And this area really isn't NATO's playing field, isn't it? It would be of concern to individual European nations, no doubt, but what's NATO got to directly do with the South China Sea?
I'm certainly not countenancing a belligerent approach by NATO. What I am saying is that its in their interest to treat the situation as important to their collective welfare and to bring diplomatic pressure on all concerned to resolve the differences peacefully.

The SCS is not something that Europe should cast aside as being irrelevant to their interests as some have implied. In fact a parallel situation might be Afghanistan where NATO played a leading role as their collective interest was served by them taking military action despite it not being in their "playing field". (I am not advocating a military response in this case)
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Old June 2nd, 2015   #235
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I'm certainly not countenancing a belligerent approach by NATO. What I am saying is that its in their interest to treat the situation as important to their collective welfare and to bring diplomatic pressure on all concerned to resolve the differences peacefully.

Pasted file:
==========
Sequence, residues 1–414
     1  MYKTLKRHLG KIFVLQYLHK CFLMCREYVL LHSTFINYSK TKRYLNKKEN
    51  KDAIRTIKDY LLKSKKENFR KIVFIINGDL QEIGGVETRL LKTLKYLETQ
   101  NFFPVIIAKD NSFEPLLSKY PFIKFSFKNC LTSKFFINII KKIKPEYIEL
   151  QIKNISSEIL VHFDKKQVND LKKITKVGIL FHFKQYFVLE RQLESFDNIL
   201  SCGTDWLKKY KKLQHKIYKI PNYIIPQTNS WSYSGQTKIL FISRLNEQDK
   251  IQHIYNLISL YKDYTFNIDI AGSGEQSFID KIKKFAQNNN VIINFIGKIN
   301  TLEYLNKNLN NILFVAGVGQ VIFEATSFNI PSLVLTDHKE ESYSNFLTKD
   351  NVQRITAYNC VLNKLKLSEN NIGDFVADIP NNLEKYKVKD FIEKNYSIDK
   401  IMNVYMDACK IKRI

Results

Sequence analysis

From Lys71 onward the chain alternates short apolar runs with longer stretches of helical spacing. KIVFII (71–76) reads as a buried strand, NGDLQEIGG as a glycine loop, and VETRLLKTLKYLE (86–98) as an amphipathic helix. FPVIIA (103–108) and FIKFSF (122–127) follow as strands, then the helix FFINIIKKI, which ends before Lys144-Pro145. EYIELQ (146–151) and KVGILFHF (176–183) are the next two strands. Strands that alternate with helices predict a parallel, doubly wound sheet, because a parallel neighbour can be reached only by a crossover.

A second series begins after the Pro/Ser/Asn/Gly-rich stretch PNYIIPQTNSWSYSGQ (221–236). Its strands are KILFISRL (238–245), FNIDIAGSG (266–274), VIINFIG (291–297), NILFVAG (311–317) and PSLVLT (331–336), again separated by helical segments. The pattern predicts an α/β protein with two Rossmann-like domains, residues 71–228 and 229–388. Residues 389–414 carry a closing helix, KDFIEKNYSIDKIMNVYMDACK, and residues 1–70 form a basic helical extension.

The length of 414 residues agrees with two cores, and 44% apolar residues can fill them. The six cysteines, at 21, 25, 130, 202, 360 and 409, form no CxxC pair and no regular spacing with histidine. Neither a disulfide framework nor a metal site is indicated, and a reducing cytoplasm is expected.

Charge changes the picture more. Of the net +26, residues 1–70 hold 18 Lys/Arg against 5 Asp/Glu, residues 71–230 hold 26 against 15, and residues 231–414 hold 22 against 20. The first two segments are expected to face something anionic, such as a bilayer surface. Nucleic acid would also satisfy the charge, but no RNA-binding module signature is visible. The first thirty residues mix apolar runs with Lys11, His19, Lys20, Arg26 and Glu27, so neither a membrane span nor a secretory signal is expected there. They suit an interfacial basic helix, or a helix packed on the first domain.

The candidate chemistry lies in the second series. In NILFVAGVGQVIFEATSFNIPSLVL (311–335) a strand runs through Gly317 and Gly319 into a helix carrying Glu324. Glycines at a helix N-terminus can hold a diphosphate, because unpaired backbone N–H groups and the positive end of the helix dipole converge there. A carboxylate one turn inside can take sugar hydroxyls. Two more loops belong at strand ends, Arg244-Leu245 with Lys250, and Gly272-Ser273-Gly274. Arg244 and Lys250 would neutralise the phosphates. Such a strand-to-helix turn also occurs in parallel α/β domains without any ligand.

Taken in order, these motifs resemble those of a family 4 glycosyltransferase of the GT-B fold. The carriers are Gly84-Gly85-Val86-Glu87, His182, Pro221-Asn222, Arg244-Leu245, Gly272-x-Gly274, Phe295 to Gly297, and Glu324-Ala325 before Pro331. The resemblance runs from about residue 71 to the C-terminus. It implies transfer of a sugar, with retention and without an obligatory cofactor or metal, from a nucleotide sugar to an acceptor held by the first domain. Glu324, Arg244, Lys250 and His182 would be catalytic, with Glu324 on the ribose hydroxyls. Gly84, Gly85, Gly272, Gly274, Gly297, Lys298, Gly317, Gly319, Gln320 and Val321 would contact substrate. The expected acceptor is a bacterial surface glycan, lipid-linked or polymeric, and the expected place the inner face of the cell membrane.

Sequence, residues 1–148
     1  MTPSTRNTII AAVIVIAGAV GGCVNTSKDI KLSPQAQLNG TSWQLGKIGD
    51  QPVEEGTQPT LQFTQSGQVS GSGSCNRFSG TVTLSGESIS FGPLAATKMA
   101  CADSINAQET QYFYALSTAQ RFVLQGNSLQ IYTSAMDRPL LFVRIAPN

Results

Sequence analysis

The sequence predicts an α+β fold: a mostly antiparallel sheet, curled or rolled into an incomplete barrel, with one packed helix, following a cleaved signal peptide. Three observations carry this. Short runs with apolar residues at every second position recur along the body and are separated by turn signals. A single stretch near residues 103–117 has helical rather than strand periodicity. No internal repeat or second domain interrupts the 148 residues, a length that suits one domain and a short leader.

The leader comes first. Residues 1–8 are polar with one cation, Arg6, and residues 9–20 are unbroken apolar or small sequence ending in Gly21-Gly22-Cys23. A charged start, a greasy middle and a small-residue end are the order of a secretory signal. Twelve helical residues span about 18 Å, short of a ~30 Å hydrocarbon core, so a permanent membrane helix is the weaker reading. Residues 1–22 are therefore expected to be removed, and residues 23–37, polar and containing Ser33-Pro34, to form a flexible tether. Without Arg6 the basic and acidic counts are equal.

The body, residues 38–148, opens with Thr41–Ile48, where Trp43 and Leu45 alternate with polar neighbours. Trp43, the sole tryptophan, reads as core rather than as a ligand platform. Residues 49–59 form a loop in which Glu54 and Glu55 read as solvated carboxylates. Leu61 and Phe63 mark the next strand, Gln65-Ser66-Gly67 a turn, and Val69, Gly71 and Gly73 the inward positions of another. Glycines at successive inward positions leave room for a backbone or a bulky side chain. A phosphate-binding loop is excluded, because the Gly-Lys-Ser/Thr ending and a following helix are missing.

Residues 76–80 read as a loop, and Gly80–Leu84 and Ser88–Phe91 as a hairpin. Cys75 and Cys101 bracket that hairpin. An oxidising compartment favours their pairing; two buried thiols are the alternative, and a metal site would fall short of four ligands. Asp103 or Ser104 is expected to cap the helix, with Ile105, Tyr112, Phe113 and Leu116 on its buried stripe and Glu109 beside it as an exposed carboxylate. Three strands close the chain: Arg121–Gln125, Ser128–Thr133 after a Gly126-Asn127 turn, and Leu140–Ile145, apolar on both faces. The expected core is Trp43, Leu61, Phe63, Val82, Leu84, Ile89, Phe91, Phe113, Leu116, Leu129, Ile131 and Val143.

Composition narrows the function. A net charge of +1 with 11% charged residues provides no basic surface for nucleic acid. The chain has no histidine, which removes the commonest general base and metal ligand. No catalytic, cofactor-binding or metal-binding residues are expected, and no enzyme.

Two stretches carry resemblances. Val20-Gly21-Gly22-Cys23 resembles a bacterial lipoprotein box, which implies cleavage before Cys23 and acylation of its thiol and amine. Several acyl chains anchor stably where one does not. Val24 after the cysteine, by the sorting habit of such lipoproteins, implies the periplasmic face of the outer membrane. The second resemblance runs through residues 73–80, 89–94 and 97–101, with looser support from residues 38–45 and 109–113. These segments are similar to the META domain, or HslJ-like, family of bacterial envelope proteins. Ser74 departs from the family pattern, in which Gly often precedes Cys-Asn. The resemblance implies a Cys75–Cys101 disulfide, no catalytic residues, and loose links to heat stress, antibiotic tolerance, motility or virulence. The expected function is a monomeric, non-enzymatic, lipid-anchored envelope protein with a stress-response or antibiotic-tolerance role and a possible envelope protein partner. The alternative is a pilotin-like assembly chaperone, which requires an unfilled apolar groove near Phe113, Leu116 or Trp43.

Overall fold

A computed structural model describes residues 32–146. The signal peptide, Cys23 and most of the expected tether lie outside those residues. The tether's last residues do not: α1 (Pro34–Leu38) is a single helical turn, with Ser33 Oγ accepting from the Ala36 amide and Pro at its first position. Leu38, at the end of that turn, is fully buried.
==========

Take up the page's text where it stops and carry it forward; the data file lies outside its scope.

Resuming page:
The SCS is not something that Europe should cast aside as being irrelevant to their interests as some have implied. In fact a parallel situation might be Afghanistan where NATO played a leading role as their collective interest was served by them taking military action despite it not being in their "playing field". (I am not advocating a military response in this case)
We're on the same page on this. If you ask me, it would be incredibly unwise for any European government to turn a blind eye to developments in the SCS. As I said earlier, I'm quietly confident that most European governments are keeping an eye on developments in the region. I guess things have not yet developed to a stage where a collective response is warranted - I've no idea where that threshold will lie, honestly. Perhaps when a anti-ship missile battery is spotted on the island?
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Old June 8th, 2015   #236